Thursday, October 6, 2016
I write about striped bass quite often, perhaps more than I do about anything else, although red snapper is also a frequent topic. There are also fish that I don’t write about at all.
Recently, I started thinking about why that is. My thoughts were spurred by reports that a single angler, fishing in my local waters, killed over 200 blowfish over the course of just two trips onto Great South Bay.
People complain about the way striped bass and red snapper are managed, but maybe it’s time to complain about how blowfish, and some other species, aren’t managed at all.
Blowfish, for anyone not familiar with the name, are more properly called northern puffer or, if you’re a biologist, Sphoeroides maculatus. Unlike many of the puffer tribe, blowfish have organs that are only trivially toxic; no matter how badly they might be prepared, blowfish will never give anyone a numb-lipped fugu high, and eating the flesh will never, under any circumstances, prove fatal.
On the other hand, they taste very good, and are ridiculously easy to clean. Make one cut behind the head, shuck the meat out of its skin, and you end up with two boneless fillets, separated by a single, fused length of vertebrae.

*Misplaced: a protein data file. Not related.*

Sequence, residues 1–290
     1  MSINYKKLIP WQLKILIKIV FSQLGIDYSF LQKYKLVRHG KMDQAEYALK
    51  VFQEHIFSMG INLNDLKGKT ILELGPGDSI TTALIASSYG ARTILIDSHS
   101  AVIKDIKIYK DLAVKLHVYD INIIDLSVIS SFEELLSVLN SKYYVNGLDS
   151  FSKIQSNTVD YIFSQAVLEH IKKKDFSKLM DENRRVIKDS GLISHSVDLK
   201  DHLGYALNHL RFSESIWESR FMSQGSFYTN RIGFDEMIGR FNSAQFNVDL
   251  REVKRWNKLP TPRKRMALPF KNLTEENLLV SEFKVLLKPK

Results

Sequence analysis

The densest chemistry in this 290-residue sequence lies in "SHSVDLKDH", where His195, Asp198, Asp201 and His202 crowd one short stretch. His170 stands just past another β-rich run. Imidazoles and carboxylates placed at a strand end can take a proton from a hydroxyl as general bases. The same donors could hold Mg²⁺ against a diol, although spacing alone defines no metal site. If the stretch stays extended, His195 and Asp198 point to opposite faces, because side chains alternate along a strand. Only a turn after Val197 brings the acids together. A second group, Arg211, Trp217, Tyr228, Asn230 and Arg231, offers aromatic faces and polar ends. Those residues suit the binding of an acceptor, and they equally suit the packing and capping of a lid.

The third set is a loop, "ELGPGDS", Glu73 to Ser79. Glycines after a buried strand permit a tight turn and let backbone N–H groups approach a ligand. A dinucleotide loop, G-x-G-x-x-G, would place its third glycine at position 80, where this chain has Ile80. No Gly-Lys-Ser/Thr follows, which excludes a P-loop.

If you wanted to call them the perfect saltwater panfish, you won’t get an argument from me. I’ve been eating—and cleaning—blowfish since I was about six years old.
The problem is, a lot of other people were eating them, too.
All of the waters abutting New York were filled with blowfish decades ago, but the fish started to disappear in the mid-1960s, and became very scarce for much of the time since.
But every now and again, all the stars align just right, and a big year class erupts in the bay. And every time one does, it gets wiped out about as soon as it arrives.